Blood rising to the surface of my cheeks as I’ve felt the burning pain of this question. Strangely I hope my brownness would mask my shame and hurt in those moments. Because if I could be too brown to blush, the sharp knife that is those careless words could penetrate but not give away that it’s entered my soul and shattered it.
The answer to that question would never come easily, and would seldom come in words. It’s the churning sensation in my stomach; the bad butterflies, when my otherness is so callously pointed out to me. Your mother is white, are you adopted? Why don’t you look like her? Why is your dad so black? Why don’t you look like him?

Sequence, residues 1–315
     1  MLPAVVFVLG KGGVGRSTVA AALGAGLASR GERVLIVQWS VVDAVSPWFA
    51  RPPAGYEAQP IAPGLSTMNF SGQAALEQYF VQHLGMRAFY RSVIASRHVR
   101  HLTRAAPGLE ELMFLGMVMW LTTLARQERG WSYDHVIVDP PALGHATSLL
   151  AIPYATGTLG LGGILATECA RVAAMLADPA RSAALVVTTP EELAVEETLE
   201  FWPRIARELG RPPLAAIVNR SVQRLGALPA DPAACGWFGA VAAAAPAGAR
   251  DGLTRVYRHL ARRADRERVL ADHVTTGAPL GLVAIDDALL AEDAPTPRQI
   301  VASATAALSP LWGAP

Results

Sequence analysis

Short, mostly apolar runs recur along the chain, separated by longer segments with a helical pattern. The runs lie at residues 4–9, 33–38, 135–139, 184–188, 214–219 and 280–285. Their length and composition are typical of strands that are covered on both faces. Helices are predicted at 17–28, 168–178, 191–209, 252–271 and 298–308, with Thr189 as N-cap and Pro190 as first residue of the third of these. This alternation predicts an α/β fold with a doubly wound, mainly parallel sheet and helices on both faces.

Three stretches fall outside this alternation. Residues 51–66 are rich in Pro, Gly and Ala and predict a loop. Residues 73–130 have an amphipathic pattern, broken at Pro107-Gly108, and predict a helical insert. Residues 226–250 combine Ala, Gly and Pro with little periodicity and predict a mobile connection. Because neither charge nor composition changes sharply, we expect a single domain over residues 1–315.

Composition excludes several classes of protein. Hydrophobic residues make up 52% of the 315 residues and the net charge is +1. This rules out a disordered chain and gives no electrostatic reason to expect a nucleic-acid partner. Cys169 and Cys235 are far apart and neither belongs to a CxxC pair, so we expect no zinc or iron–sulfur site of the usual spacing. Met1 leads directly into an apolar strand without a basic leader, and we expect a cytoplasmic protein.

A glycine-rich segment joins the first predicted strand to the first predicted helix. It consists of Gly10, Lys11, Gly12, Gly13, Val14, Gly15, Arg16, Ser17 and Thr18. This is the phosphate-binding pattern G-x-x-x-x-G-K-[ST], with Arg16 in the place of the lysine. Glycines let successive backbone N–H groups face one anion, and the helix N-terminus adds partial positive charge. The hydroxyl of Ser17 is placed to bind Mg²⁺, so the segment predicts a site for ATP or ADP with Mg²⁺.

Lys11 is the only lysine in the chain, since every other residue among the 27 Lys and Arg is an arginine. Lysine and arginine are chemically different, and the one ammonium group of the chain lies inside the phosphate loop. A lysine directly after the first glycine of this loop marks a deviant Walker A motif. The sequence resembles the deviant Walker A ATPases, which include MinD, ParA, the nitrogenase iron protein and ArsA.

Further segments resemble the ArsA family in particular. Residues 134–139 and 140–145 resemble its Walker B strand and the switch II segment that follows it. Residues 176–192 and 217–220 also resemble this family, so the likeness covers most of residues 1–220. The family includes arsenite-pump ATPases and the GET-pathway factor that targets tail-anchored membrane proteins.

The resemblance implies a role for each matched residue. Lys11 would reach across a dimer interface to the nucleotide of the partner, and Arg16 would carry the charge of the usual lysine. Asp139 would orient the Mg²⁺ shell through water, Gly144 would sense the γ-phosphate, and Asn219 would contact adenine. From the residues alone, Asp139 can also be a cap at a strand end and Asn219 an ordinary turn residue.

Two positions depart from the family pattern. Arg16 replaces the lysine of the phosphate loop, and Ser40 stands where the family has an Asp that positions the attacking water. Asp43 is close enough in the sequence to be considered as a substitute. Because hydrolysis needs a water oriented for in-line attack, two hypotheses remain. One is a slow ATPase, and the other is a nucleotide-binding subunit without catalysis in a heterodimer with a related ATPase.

Trying to find home in people who didn’t have the capacity to love me, who could never truly hold me for who I am, because maybe if my white partners could love me or see me as beautiful, I’d be enough. Or I was passing well enough? I didn’t want to be brown; I tried to crush it with everything at my disposal.
‘I can’t be racist, my girlfriend is black.’ Yes, yes you can, and the damage you do in your complacency is unforgivable and far-reaching.
Displacement runs deeper than this question - where are you from? I don’t know. It isn’t here. But I know that half of me is in Ghana, and these feelings of being unable to sit still or exhale won’t subside until my feet touch the earth there.